Tuesday, 4 November 2014

Blue Whales off Sri Lanka: Orcas as well

On 25 November 2013 we headed off from Mirissa hoping to see Blue Whales but in the GPS position some had been seen the day before there were two Orcas, or in old money, Killer Whales. You can see them on the video footage I took (below or directly on YouTube) along with the Blue Whales.


In looking for further information on orcas in Sri Lankan waters, I came across the brilliant Orca Project Sri Lanka (OPSL) which, to quote: is the first citizen-science project centred on studying orcas (Killer Whales) sighted off Sri Lanka. On scrolling down the posts I found that our two orcas were known to them. They were OM001 ‘King’ and OK008 ‘Arya’ and have been seen off Mirissa in 2008, 2010, 2011, 2012, 2013 and 2014. After we saw them on 25 November 2013, they appeared again on 7 January, 12 April and 7 June 2014.

The two orcas.    AJP Photograph

Then things got even more interesting. A fellow traveller on the Naturetrek tour whale-watching extension sent us a still photograph which showed the orcas pushing what appeared to be some sort of dolphin with a brownish coloration around the base of a beak. I had missed it on video as I changed positions but could just see the end of the action as I began to film again. Other photographers had sent stills to OPSL and they in turn asked experts on marine mammals. Here is an extract from OPSL’s post of 19 December 2013 (the photographs are shown there):

…OPSL in collaboration with Josh McInnes of the The Transient Killer Whale Research Project are currently writing a small paper on a very exciting finding. When OM001 and OK008 visited Mirissa on the 25th of November, they decided to chow down on the local marine-life...so what's on their menu? Turns out they like Beaked whale, deep diving and little-understood cetaceans of the Ziphiidae family…Observation details include the orcas feeding on an unidentified object. In two of the images, a beak or rostrum can be seen with a patchy brown/green colouration to the surrounding skin. OPSL contacted Josh McInnes, who specializes in the study of mammal-eating (transient) killer whales of the Pacific Northwest, to offer his opinion on the ID. After looking at the photos, Josh concluded that the beak shape and brown/green colouration (caused by diatoms) appears to be consistent with that of a Blainville’s beaked whale Mesoplodon densirostris.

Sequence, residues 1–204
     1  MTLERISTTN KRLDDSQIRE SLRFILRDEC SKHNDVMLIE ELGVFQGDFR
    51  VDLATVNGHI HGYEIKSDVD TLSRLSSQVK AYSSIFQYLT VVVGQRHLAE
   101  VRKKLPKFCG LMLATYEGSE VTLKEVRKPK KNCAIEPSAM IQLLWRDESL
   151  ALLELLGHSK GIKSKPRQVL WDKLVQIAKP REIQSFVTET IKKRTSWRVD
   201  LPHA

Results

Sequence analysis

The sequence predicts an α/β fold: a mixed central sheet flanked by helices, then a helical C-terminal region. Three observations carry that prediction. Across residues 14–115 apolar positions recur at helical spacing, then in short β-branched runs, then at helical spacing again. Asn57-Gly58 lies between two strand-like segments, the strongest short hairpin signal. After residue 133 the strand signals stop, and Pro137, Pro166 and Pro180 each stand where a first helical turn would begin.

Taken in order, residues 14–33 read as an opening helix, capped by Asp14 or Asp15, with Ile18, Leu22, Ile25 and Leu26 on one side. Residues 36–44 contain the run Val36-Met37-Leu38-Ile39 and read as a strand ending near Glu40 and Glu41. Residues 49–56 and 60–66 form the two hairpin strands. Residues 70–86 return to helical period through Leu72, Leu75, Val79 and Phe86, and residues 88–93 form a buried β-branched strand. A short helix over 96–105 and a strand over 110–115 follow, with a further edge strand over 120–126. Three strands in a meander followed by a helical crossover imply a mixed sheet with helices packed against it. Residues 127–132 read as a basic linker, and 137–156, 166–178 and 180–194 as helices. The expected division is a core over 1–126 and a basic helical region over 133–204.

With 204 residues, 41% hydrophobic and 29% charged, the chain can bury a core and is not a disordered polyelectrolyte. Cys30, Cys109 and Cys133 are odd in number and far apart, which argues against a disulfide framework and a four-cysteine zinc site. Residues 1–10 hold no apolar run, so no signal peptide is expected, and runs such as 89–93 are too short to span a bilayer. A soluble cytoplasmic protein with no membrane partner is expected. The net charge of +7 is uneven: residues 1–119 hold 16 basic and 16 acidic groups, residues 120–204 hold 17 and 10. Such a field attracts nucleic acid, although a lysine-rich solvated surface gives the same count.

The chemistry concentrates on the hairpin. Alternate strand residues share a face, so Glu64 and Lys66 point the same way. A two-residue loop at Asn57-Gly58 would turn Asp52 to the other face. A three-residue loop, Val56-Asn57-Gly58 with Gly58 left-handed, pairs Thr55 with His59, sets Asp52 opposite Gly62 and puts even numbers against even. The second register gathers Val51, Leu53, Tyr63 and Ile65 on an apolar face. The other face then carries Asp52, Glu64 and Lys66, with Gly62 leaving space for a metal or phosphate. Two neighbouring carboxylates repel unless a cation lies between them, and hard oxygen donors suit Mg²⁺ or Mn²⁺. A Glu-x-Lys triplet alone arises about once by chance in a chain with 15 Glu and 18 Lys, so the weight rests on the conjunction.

I had seen a report from the BBC which described research on the stealth mode Blainville’s Beaked Whale adopts when it is comparatively near the surface. In the depths the beaked whales are rather vociferous but on rising towards the surface for air sonar silence reigns. With orcas around I can see why that is a good strategy.

Links to this and other work on the fascinating world of ziphid cetaceans, written by the lead worker, Natacha Aguilar Soto, of La Laguna University in the Canary Islands, are here. A video showing their work on beaked whales is here.


The Smithsonian Institution has a Beaked Whale Identification Guide showing photographs of dead specimens. Another possibility, purely on the basis of one specimen stranded on Sri Lanka is Mesoplodon ginkgodens, a species known only from a few dozen specimens. It would be interesting to hear whether the marine mammal experts can eliminate this one. From a size comparison with the orcas, my impression, and it is only an impression, is that the beaked whale killed must have been not fully grown (and female?) when some of the clearer differences between the two species might not be evident. However, looking at the photographs in the Smithsonian collection, I do see where the experts are coming from. Whatever, the time must be ripe for some hydrophonics in the deep waters of Dondra Head even though the sound of ships’ engines will be a constant feature. Has anybody tried to pick up the sounds of beaked whales there yet?



#73797533 / gettyimages.com                                                                        Blainville's Beaked Whale